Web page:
A Schism in the Piedmont – Nebbiolo and Barolo

Nebbiolo is a high-acid, high-tannin grape grown nearly exclusively in Barolo and Barbaresco in northwest Italy’s Piedmont region. This thin-skinned, temperamental grape is named after the fog (la nebbia) that rolls across the valleys, and it can produce some of the world’s most revered wines. Nebbiolo is so well-known that it’s been dubbed “the king of grapes.” The grape isn’t necessarily new, as it was first referenced in the early 1300s, but it became more well-known outside of Italy in the 1800s.

Nebbiolo is very sensitive to its growing environment, requiring the correct mix of soil type (loose clay or marl), elevation, and temperature. The steep slopes on which it grows nearly always require physical vineyard work. Bud break occurs early in the spring, and the grapes are not harvested until late October. The tannins and alcohol content of the wine are increased as a result of the late harvest. Because of its finicky nature and limited growing area, this grape may be unable to adjust to climate change in the coming years, resulting in wines that differ from typical Barolo.

Typical Nebbiolo wines are a light garnet color, with aromas and tastes that vary with age. Younger wines tend to smell and taste of fresh red fruits like cherries, as well as roses and herbs, such as mint. Older Barolo that have had time to age, give off aromas and tastes of tar, leather, and forest floor. Traditional Barolo wines are aged in large oak casks known as botti. These are made from Slavonian oak, sourced from northeastern Croatia.

The Barolo Wars

Beginning in the 1980s and lasting well into the 1990s, a group of younger winemakers known as the modernists questioned the traditional method of making Nebbiolo grapes into wine.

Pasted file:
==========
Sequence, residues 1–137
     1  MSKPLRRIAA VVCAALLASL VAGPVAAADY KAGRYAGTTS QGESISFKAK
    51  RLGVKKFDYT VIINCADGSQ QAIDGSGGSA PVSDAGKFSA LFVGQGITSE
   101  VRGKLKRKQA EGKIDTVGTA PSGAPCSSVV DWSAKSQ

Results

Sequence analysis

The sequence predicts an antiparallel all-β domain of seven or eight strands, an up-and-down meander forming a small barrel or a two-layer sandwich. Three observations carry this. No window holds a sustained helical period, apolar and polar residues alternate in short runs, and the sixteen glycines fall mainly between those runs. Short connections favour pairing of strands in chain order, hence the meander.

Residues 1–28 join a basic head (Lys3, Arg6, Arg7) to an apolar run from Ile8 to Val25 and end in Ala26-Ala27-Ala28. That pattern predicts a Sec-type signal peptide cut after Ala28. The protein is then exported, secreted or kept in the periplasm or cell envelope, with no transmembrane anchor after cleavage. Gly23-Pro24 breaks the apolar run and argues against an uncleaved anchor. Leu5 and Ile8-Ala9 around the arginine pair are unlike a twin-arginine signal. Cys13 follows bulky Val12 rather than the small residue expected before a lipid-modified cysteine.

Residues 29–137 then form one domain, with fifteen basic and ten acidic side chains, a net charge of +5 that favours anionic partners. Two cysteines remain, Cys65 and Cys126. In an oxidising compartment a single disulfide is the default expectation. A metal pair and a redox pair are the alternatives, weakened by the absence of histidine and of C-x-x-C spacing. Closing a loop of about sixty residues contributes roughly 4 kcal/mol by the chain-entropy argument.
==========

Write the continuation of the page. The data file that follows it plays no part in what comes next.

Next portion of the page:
They had toured the world learning different winemaking techniques and were confident that they could apply them in Barolo in order to improve the wine and its market. One of the most significant changes was to mature the wine in smaller oak barrels (called barriques) like the French.

At the time, the cleanliness of cellars and wineries was not great and the equipment was generally old. For a wine that required thirty years of aging, the risk of introducing unwanted substances was quite high. The modern approach attempted to make a drinkable wine that did not have to age so long. The result was a more fruit forward wine with much higher oak contact.

This appealed to some wine drinkers, but the new wine tasted pretty different from the traditional Barolo. The feud between traditionalists and modernists, also called the Barolo Wars, has finally settled down.  Today, the techniques more or less are a blend of the two extremes for many winemakers. Each side has learned from the other, and the great wines of Barolo today are a result of this shift.

Related Posts